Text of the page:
Thursday, 5 December 2013

Oracle Review - Knowledge Vault and Chain Lighting

A card that will never see play in any format and a card that will always be plausible when legal, and neither with good Oracle text.


KnowledgeVault
That Amy Weber art is really sweet, they don't make them like that anymore.
2, Tap: Exile the top card of your library face down. 
0: Sacrifice Knowledge Vault. If you do, discard your hand, then put all cards exiled with Knowledge Vault into their owner's hand. 
When Knowledge Vault leaves the battlefield, put all cards exiled with Knowledge Vault into their owner's graveyard.
That second ability is something pretty odd.  Why does it cost 0 to activate and then sacrifice the vault as part of the resolution?  Wouldn't it make more sense to just sacrifice the vault as the cost of activating the ability?

It makes a difference, certainly, that the ability is worded this way.  But I don't see how the Oracle wording is more like the wording on the card than a more straightforward wording would be.

In fact, let's look at Life Chisel:

Sacrifice a creature: You gain life equal to the sacrificed creature's toughness. Activate this ability only during your upkeep.

Well, that's easy.  Quite obviously, Knowledge Vault scores...

Just not great


Chain Lighting
Any spell that allows multiple decisions to be made and abilities to be activated in the middle of its resolution is a little weird. So how did they word Chain Lighting?
Chain Lightning deals 3 damage to target creature or player. Then that player or that creature's controller may pay RR. If the player does, he or she may copy this spell and may choose a new target for that copy.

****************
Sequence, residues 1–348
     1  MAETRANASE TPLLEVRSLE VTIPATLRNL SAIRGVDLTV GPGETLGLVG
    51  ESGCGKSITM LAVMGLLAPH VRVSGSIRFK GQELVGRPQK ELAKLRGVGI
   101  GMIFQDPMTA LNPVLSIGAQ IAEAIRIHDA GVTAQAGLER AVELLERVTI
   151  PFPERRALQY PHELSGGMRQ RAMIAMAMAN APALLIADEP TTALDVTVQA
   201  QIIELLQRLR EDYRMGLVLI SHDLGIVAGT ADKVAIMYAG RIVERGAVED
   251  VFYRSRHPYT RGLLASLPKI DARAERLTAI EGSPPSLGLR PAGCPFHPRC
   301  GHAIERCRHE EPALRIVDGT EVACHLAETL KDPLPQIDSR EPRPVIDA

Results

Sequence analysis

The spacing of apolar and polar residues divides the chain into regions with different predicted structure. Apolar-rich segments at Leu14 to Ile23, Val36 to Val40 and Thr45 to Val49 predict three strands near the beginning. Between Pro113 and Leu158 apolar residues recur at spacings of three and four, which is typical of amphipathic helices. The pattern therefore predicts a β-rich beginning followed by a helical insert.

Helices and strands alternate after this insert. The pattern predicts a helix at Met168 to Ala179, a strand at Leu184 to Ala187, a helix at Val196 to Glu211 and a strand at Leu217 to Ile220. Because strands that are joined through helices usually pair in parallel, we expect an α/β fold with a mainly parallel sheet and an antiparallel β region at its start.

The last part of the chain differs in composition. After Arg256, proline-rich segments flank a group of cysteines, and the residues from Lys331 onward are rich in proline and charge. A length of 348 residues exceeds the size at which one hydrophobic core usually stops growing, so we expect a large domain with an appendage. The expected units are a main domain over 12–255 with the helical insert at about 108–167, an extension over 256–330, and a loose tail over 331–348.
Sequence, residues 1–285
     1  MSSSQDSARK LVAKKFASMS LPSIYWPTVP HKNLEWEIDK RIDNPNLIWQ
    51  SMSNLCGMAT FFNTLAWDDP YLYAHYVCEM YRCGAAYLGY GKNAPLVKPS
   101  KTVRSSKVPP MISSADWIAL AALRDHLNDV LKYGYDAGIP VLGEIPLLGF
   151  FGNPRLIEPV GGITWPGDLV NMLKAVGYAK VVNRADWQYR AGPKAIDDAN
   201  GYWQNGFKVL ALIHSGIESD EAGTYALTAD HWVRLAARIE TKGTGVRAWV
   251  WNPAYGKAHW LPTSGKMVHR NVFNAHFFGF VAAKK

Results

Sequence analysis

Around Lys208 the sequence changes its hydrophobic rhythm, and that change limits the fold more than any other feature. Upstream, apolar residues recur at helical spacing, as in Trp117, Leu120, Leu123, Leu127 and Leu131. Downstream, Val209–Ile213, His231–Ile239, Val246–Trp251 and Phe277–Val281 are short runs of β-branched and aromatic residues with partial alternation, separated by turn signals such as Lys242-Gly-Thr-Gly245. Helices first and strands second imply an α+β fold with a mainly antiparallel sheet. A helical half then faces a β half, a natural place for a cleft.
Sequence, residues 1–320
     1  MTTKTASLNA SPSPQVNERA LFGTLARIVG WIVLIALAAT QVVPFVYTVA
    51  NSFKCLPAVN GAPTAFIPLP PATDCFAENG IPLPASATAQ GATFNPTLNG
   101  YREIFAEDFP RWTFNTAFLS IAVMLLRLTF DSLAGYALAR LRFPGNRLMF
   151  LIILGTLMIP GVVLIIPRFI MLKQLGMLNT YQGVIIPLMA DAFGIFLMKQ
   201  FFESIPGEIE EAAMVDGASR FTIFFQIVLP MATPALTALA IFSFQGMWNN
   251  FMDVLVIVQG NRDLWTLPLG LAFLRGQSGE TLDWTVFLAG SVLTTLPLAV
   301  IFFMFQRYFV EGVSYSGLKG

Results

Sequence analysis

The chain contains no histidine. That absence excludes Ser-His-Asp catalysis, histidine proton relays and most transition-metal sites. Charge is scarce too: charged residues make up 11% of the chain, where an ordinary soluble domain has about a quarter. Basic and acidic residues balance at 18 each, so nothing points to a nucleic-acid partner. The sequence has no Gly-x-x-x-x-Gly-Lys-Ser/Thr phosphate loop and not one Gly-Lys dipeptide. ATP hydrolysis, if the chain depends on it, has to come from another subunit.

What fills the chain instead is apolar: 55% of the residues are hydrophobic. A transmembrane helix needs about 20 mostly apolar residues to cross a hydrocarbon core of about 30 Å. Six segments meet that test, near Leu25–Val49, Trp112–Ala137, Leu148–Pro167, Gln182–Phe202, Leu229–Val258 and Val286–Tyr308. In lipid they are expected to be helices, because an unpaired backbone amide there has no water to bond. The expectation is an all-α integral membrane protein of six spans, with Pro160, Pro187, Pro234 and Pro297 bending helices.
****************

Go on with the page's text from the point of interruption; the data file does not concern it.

Okay, let's take a quick look at the words on the card again:
Chain Lightning does 3 damage to one target. Each time Chain Lightning does damage, the target or target's controller may then pay RR to have Chain Lightning do 3 damage to any target of that player's choice.
I think a big, "What happened there?" is in order. I mean, how on earth did we go from when it does damage you can pay to make it do more damage to the target or target's controller can copy it? First of all, the original didn't let you pay to deal more damage if the damage was prevented and the new version doesn't have any clause regarding that. Second, copying a spell is very different than having the same spell deal damage more than once.

So did these changes get made? Chain Lightning has been reprinted twice. Once in Master's Edition, where they did not update the wordings on cards, and in fact printed them with their original text even if the rules had been updated, the second time was in a Premium Deck Series deck.

I guess a Premium Deck Series is a new printing, and so takes precedence over the old printing, but we're not talking about Revised edition here. This was 2010 when they decided to reprint a card with huge functional changes. That seems pretty unforgivable to me. Now, it's quite possible that I'm getting the chronology wrong here, and that they first decided to reword Chain Lightning and then printed the premium deck series, but there is something about the product page that makes me blame everything on this printing. I will leave it as an exercise to the reader to determine what.

Bombo!

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